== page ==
Seniors Housing Developers Pressured from Multiple Sides

LOS ANGELES — It’s no secret there’s a lot of capital chasing seniors housing deals. REITs aren’t selling, Boomers are still aging, and investors have a pool of money that doesn’t have a home. That’s according to panelists at InterFace Conference Group’s Seniors Housing West, held March 7 at the Omni Los Angeles. What does have a home, ironically, is the senior population. 

Occupancy seemed to be stabilizing as the supply-demand scale evened out in the fourth quarter of 2018. U.S. seniors housing properties achieved an average occupancy rate of 88 percent during that time period, per the National Investment Center for Seniors Housing & Care (NIC). This figure was 10 basis points from the prior quarter, which placed seniors housing occupancy at its lowest level since the second quarter of 2011 when it was at 87.5 percent. The most recent fourth-quarter statistic was still down 70 basis points from the year prior, and 220 basis points below the market’s most recent high of 90.2 percent, which was achieved in the fourth quarter of 2014. 

NIC further noted that the fourth quarter was the first period over the past three years where absorption kept pace with the delivery of new units. 

Two of the largest challenges facing seniors housing are increasing costs and difficulties surrounding qualified labor. The first impediment often resulted in a minimum delay of three to six months in development timeline, Seniors Housing Development Outlook panelists noted. Rising costs and increased delays have made deals difficult to come by for most investors.

“There’s plenty of capital out there if the yield is right,” said panelist Bill Pettit, president and COO of R.D. Merrill Company. “But we’ve got so much pressure on costs, [particularly] the hard construction costs. Now there’s also uncertainty around soft costs and interest rates.”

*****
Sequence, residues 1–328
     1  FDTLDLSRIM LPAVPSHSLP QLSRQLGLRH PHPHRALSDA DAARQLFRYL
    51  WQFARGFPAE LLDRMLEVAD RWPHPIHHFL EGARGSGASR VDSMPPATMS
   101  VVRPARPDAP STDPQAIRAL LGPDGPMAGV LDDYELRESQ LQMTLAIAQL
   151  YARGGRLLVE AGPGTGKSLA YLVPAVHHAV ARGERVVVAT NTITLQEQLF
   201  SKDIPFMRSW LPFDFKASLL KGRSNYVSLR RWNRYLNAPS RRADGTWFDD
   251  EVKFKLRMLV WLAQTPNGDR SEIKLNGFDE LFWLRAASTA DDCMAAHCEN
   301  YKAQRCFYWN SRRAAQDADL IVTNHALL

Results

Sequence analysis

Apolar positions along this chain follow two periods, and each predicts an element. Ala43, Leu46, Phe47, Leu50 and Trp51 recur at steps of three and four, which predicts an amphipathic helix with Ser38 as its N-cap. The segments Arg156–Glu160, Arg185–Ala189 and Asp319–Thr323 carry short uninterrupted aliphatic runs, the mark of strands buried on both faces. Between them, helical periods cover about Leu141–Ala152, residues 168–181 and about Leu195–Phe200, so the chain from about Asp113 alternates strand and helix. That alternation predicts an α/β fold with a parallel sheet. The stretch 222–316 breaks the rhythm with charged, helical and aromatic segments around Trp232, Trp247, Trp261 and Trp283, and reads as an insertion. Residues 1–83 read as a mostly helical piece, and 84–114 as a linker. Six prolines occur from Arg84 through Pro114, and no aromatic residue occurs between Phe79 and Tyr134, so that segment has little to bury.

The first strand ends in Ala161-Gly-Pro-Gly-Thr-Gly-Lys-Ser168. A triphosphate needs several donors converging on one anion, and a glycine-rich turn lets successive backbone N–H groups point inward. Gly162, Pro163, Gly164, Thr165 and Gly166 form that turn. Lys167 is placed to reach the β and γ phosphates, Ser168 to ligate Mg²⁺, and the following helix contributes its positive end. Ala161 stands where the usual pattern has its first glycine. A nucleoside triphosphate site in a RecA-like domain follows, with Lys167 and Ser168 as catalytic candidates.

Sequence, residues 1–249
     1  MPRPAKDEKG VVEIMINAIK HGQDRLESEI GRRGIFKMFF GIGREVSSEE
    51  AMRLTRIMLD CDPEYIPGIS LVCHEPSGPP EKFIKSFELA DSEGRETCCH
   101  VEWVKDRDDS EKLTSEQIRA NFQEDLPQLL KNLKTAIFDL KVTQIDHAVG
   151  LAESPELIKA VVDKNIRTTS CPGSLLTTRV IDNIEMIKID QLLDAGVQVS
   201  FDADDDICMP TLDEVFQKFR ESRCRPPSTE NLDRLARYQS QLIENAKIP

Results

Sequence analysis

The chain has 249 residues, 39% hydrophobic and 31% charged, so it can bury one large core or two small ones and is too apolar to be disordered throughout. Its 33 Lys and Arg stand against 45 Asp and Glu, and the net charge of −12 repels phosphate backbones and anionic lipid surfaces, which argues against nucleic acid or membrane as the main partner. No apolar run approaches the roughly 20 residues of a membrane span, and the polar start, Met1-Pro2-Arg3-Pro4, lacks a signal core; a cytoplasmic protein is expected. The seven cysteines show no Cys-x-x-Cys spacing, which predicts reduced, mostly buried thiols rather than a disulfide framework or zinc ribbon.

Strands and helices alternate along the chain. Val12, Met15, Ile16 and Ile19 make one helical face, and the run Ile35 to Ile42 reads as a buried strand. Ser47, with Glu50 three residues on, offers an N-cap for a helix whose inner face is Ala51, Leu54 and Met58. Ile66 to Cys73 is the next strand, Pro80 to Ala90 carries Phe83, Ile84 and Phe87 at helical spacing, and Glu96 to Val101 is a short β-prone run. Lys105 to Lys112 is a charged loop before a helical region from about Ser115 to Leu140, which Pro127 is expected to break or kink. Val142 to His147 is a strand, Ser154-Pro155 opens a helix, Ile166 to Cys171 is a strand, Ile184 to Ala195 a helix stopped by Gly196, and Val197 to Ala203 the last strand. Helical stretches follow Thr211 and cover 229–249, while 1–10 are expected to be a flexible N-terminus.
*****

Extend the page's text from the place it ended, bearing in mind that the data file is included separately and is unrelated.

Panelist Rob Leinbach, a principal with Cadence Senior Living, echoed those sentiments, acknowledging there are wants and there are needs…and then there are disciplined investors. 

“We all want to be in Seattle but it’s really hard to find a land price that will pencil,” he said. “There’s more capital than there are deals, but you are getting increased scrutiny on your pro forma. Capital is demanding certain escalators.”

Taking on a new position

Value-add and repositioning plays can mitigate some of the costs associated with new ground-up development, but they require an experienced team as well. Panelist Paul Mullin, senior vice president of development at Silverado, noted there are $600 billion worth of post-acute assets that will hit the market shortly. Half of these assets are hospitals, while the other half are seniors housing spaces. 

“There is a ton of hospital space that’s going to be coming back on the market and we need to figure out a way to make it fit our use,” he said. “We need the right architect and the right programmatic team.”

Leinbach has also seen an uptick in interest on the hospitality side.